As the ensuing years rolled along, they came again and again to points where their goals were hampered not by a rule, but by a norm. There's a Democratic president who for a time enjoyed the support of a Democratic Congress — so how about if we just filibuster everything? Sure, in the past filibusters had only been used in extraordinary circumstances. But there's no rule saying you can't filibuster everything, so they did it. You can hold up presidential nominations indefinitely, you can shut down the government, you can threaten to default on the debt — there's no law against any of it.
You may hear the word "norms" and think about things like courtesy or shopworn habits, but the truth is that there are many norms whose function is to permit government to operate in something like an efficient fashion. For instance, the norm by which the Federal Election Commission used to operate is that while the Commission's three Democratic and three Republican commissioners will have different views about election law, all will accept the basic premise that whatever they think the laws ought to be, the laws currently in place should be enforced. But the Republican commissioners have abandoned that norm, and as a result our election laws are simply not being enforced; at this point it's basically an honor system.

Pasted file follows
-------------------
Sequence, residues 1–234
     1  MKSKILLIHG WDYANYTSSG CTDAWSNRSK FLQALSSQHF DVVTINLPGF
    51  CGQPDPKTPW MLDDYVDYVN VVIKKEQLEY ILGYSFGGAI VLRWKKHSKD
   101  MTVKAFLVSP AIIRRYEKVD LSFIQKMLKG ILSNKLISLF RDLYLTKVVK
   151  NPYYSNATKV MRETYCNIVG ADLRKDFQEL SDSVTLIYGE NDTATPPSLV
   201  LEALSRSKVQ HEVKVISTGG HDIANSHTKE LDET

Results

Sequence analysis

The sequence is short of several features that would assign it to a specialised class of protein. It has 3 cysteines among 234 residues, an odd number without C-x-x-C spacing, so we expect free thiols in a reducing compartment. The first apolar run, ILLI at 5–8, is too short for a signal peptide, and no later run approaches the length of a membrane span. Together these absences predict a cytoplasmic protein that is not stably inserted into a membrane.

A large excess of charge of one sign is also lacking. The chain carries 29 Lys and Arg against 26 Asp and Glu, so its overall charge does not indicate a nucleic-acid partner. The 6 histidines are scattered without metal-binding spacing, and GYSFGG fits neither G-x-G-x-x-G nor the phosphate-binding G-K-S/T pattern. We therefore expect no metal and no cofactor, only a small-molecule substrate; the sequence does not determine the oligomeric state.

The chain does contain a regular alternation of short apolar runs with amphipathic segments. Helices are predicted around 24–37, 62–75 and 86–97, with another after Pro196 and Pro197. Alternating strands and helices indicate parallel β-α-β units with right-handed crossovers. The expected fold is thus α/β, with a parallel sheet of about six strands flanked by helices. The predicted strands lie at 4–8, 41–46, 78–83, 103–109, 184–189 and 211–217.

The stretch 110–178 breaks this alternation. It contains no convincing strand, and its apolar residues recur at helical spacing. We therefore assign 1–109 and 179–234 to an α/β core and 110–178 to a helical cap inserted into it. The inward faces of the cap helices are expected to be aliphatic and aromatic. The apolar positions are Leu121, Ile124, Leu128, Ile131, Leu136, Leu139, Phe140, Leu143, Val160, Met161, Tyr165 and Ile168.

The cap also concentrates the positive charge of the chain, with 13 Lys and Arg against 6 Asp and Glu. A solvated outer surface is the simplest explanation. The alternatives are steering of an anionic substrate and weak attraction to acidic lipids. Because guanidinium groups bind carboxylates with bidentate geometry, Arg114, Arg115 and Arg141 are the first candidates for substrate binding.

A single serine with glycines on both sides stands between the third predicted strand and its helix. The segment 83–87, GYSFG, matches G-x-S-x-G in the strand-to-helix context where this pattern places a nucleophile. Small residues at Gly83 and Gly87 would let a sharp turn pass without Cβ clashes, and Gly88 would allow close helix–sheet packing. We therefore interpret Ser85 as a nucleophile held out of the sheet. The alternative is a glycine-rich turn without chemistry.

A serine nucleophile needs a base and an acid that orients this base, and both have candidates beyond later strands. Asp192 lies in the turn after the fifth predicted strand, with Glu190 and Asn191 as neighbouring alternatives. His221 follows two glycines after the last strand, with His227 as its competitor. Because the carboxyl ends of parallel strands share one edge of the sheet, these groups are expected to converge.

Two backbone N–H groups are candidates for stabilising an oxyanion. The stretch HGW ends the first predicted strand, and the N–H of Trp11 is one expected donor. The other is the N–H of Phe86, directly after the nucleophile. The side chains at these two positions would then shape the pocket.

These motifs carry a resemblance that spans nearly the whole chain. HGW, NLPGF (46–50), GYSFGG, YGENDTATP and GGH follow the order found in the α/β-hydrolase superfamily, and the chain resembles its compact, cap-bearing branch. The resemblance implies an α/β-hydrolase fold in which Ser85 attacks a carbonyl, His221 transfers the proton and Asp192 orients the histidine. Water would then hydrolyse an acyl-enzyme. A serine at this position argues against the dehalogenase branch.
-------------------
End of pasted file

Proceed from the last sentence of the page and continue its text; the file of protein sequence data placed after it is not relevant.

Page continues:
That's not to mention the fact that the people who have come to dominate the Republican caucuses in the House and Senate arrived in Washington not to make laws, but to tear the institutions of government down. So it's quite alright with them if nothing in Washington works — after all, that only validates their argument to voters that government can't do anything right, and what we should do is continue to undermine it and strip away its protections wherever we can.
The GOP is divided between those people — variously called the Tea Party or the base or the insurgents — and the rest of the party, who are terrified of them and feel the need to continually prove their anti-government bona fides and ideological purity. So the entire party embraces not just ideological radicalism, but a procedural radicalism as well.
Then you can combine that with the positively venomous loathing all Republicans seem to share for Barack Obama. It was only a norm that said you don't shout "You lie!" at the president during a speech to Congress, or that you don't demand to see his birth certificate, or that you don't accuse him of hating America just because you have political differences. Put it all together, and of course Republicans would refuse to allow him to name a new Supreme Court justice.
Where does this all lead? To Donald Trump.
When your party proves again and again that it treats governing like a joke, you wind up picking a joke of a candidate to be your nominee for president. You choose someone who doesn't know the first thing about how government works, and couldn't care less. You push your voters to the least serious person, the one who "tells it like it is" — in other words, the one with the most contempt not just for the norms of politics but for the norms of civilized human behavior. That's what Republicans have ended up with. And they pretend that they can't understand how such a thing could have happened.